Face/Off is presented in a slightly altered aspect ratio of 2.39:1. The ultra high definition image presentation is arrived at with an HEVC codec at an average of 60 mbps. The film was shot on 35mm so is native 4K. There has also been extensive restoration here and it shows. For the most part this is a superior transfer and image presentation to what you might have experienced on the Blu-ray. Stability here is much tighter. There were some issues with the Blu-ray where the image felt that it was as constant as it could have been with weak focus on long shots. Here the outside daylight shots are almost flawless with natural color and fine contrast. The black levels in the darker stuff isn’t quite as inky as I would like and you will loose some definition in the shadows from time to time. I suspect some of that is intentional. Close-ups are where the presentation truly shines. There are a ton of those tight up close shots of Cage and Travolta and their faces are pretty much the plot of the film so that’s a pretty good thing. There’s a nice organic layer of grain that appears to faithfully represent the theatrical experience.
The DTS-HD 5.1 track is serviceable. The dialog cuts through quite nicely and never gets overwhelmed by the action or the score. The surrounds aren’t very aggressive but there are some pivotal moments where they come through just enough to keep us immersed in the environments. Subs come alive a bit during much of the climax battle and a few earlier action scenes.
Audio Commentary – We are given 3 commentary tracks for this release. The first is by Director John Woo and Writers Mike Werb and Michael Colleary. The second track is a more focused sessions with Mike Werb and Michael Colleary. The third is a new track by film historians.
- Deleted Scenes – (0:08:18) 7 deleted scenes, each with optional commentary by John Woo. I must say the first scene where Castor randomly kills a janitor was very effective in making him look like a psycho early on in the film. Another scene involving Sean in his dead sons room, offered a nice emotional touch. As for the alternative ending, it was best left on the cutting room floor.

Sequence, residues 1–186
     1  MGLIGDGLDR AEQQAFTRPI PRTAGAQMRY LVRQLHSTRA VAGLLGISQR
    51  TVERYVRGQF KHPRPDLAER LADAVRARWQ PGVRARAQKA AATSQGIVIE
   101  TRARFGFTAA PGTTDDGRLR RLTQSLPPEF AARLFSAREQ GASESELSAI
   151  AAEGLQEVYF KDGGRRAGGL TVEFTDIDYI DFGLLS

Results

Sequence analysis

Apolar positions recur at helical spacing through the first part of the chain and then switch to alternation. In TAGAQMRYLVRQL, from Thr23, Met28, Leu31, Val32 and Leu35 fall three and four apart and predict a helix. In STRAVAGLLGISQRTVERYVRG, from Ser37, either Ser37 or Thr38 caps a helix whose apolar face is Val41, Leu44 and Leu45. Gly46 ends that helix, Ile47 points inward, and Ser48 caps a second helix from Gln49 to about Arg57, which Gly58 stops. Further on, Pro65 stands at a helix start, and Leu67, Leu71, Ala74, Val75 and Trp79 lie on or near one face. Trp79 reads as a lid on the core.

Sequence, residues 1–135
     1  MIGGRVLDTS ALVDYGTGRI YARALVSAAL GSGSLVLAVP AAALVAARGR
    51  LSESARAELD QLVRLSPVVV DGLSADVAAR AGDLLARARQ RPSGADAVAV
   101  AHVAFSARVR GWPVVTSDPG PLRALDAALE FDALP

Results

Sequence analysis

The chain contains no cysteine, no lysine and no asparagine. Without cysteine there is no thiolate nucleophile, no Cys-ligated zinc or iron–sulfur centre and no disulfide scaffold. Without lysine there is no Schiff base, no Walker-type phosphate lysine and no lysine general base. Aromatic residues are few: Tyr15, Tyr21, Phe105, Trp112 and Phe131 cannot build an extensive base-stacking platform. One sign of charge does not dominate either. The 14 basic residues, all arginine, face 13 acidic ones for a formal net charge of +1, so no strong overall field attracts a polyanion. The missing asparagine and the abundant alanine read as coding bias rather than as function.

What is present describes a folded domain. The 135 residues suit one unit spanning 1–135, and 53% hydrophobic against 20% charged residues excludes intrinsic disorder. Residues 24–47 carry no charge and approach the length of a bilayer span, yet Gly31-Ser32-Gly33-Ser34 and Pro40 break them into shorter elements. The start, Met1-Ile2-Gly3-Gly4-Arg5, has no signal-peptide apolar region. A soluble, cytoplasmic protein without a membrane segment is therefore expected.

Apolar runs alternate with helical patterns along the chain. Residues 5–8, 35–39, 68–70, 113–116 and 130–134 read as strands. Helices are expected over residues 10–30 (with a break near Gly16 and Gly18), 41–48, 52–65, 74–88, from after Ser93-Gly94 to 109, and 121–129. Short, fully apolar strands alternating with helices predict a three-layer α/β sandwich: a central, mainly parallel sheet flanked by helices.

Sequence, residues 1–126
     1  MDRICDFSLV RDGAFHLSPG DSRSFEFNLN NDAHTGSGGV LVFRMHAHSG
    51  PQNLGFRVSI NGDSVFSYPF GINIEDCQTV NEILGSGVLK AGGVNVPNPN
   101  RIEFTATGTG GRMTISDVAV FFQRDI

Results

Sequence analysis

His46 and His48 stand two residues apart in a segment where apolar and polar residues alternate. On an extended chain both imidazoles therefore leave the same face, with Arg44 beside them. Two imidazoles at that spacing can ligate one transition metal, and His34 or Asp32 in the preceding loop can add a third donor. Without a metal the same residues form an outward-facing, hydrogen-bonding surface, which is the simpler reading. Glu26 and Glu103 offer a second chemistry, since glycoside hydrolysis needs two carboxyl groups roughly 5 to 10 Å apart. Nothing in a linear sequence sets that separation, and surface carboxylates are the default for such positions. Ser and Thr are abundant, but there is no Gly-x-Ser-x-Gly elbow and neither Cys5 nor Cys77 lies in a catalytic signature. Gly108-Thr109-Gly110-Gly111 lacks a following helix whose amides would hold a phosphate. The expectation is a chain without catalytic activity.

- The Light and the Dark: Making Face/Off – (1:04:02) Divided into 6 parts each focusing on different aspects of production. The feature starts off with the very beginning of the films production, including the creation of the script and the inclusion of John Woo. From there we are given an in depth look at the actors/characters, which were supposed to be played by Arnold Schwarzenegger and Sylvester Stallone. The studio eventually went with Nick Cage and John Travolta and we are given some in depth interviews with both actors. The remaining segments focus on special effects and John Woo’s decision on the films ending.
- John Woo: A Life in Pictures – (0:26:06) This feature gives an in depth look on directors John Woo’s life. From his hard beginnings to his success as a director, this feature will interest anyone who wants to learn more about Woo..
Face/Off is a pretty decent action flick if you enjoy it for what it is, which I did. The action sequences are nice with some very decent fire fights, and chases. But if you’re looking into getting this 4K UHD Blu-ray release chances are you didn’t need me to tell you that. So you will be happy to know that this disc is nearly flawless with perfect audio and near perfect video making this a must have for fans of the movie. The image is pretty good. “It’s like looking in a mirror…only not”.